Wagner's Dark Shadow: Can We Separate the Man from His Works?
Part 4: The Wagners: A German Family Straight Out of Greek Mythology
This is how Nike Wagner, the composer's great-granddaughter, answers her own question: "Yes, the composer of 'Tristan' was an anti-Semite and probably would have liked to burn down Paris. Wagner remains a moral problem. Nevertheless, today no one listens to Wagner from an 'ideological' perspective anymore. That's why we must allow the work to be separated from the character of its 200-year-old creator. Anti-Semitism clearly cannot be proven in his works."
She is saying this in the lobby of the Hotel Adlon in Berlin. One is tempted to search for clues of her great-grandfather in her face, but there are none. Wagner had coarse features, while Nike Wagner is petite with fine features.
Let's now take a look at the family itself. Given that there are so many Wagners, a small, albeit incomplete family tree is necessary in order to understand them better, one that only names the characters in this story. Here it goes: Richard and Cosima Wagner had a son named Siegfried, who married Winifred. They had two sons, Wolfgang and Wieland, who were the joint directors of the Bayreuth Festival from 1951 to 1966. Nike is Wieland's daughter, Eva Wagner-Pasquier is Wolfgang's daughter from his first marriage, and Katharina is his daughter from his second marriage.
For Germany, the Wagners are what the Atreidai are in Greek mythology. One of them, Atreus, committed a grave sin, casting a curse over all subsequent generations, beginning with Agamemnon and Menelaus, followed by Iphigenia, Orestes and Electra. The family is marked by enmity, as is the Wagner family.
The Nazi Stain
Nike Wagner lived in the Villa Wahnfried, which her great-grandfather had built in Bayreuth, and she more or less grew up in the Festspielhaus, the festival theater, where she played as a child and watched rehearsals. "In private, we were more likely to listen to Bach and Beethoven, while the teenagers were wild about Elvis Presley," she recalls. A strange, four-meter wall towered over the garden. Her father had it built to avoid having to look at his mother Winifred, who lived next door and continued to receive her old Nazi friends until her death in 1980. She once complained that the wall blocked out the sun.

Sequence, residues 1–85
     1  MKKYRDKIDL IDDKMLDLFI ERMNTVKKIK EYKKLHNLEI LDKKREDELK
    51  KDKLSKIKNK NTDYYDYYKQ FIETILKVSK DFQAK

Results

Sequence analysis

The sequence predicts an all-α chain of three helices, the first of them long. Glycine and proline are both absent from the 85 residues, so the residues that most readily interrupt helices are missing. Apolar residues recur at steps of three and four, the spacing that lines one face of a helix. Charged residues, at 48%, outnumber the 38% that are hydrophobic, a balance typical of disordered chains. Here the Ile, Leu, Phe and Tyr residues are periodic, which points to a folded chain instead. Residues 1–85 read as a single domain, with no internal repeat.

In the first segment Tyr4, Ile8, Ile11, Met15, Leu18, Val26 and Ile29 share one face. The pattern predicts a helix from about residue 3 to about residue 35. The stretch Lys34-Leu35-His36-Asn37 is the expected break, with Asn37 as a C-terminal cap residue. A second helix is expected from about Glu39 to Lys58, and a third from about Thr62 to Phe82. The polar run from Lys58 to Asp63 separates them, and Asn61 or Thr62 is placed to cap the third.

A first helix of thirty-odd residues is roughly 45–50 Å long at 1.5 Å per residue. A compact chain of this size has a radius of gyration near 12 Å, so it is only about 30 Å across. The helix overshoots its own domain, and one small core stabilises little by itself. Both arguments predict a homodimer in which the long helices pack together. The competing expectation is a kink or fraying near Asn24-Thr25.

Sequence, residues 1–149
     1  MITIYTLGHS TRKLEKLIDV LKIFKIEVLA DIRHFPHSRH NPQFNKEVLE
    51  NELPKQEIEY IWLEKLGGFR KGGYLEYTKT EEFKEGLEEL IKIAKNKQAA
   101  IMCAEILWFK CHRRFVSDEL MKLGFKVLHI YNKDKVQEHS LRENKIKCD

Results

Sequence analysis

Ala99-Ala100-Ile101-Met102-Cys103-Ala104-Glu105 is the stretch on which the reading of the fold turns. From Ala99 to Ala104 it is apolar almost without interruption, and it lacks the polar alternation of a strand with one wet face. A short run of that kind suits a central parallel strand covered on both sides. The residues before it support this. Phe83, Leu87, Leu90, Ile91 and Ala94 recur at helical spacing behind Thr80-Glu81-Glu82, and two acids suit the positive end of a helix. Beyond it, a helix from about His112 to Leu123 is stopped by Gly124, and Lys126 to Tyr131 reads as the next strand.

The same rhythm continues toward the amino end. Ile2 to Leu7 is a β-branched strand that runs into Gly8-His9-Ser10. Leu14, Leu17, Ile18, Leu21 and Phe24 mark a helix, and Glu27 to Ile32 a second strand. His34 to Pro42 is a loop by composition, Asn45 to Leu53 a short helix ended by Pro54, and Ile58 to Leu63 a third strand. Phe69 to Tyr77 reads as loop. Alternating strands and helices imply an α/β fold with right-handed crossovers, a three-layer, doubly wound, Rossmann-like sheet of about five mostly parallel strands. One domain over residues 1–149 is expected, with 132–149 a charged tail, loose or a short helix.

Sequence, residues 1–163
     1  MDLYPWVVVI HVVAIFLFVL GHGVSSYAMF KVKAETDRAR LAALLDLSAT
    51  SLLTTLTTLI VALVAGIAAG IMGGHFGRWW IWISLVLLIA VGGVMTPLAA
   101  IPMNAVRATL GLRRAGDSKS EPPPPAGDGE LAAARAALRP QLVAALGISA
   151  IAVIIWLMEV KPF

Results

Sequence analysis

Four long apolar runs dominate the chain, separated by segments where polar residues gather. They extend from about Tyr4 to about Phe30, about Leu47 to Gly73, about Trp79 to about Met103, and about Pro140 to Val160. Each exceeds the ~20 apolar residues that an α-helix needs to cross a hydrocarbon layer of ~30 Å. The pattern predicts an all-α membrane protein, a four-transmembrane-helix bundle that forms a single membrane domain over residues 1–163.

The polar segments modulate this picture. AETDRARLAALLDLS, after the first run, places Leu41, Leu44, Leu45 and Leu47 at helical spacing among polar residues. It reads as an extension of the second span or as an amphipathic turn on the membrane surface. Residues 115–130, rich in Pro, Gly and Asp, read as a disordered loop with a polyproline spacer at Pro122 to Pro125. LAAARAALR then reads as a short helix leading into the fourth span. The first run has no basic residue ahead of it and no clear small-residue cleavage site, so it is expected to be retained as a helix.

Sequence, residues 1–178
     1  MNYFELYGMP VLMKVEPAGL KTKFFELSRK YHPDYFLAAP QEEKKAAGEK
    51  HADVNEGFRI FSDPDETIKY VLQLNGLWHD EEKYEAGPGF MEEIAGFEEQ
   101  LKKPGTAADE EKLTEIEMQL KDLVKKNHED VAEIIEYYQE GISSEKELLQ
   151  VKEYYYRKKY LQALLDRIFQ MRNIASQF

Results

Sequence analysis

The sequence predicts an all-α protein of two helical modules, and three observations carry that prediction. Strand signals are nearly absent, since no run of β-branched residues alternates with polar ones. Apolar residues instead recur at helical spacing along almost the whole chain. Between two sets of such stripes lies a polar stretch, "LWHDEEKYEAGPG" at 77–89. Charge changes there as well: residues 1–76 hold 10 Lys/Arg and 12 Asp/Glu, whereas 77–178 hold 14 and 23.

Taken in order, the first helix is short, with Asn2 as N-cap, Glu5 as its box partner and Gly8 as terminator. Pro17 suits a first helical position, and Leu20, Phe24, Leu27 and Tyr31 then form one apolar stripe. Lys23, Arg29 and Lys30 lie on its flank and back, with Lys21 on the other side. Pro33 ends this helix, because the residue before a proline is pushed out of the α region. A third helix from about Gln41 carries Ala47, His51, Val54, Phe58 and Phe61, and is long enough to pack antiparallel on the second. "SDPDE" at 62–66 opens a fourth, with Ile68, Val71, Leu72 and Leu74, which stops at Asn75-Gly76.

Her father never entered his mother's house, says Nike Wagner. He accused her of dragging him into the Nazi affair. Wieland Wagner was Hitler's darling in Bayreuth. Hitler gave him a green Mercedes convertible for his 18th birthday, and he was favored as the heir apparent on the Green Hill. Wagner joined the Nazi Party and made a lot of money when he was granted the privilege of selling photographic portraits of Hitler. Later, as festival director, Wieland managed to portray himself among German intellectuals as the good Wagner by drawing attention to his grandfather's artistic sophistication.
Did Nike Wagner reproach him for his closeness to Hitler? Her father was 28 at the end of the Nazi era, so that his actions could not be attributed entirely to his mother's influence. "My father separated himself from the Nazi past in two ways: by condemning his mother and by esthetically purifying the stage. Of course, that didn't mean that Bayreuth suddenly became 'Nazi-free' or 'morally reeducated'."
She doesn't suffer from historical amnesia, but she is protective of her father. When Germans remember their history, the issue of what to preserve is always a key concern. What should remain, and what aspects of German history should continue to be portrayed in a positive light? Richard Wagner? And if not, at least Wieland Wagner, who made Bayreuth socially acceptable among intellectuals once again?
Katharina Wagner, 34, takes a similar approach to her cousin Nike. During a discussion of the Nazi era in a Berlin restaurant, she quickly turns to Winifred. The family has tacitly agreed that Winifred will carry the Nazi burden, so as to draw attention away from the others. But it wasn't that clear at all. In her book "Die Familie Wagner" ("The Wagner Family"), Brigitte Hamann writes that Winifred helped Jews during the Nazi period.
To this day, historians accuse the Wagners of withholding documents from those who study the Hitler years. In response, Nike and Katharina Wagner say that they, unlike others in the family, are willing to cooperate in every respect.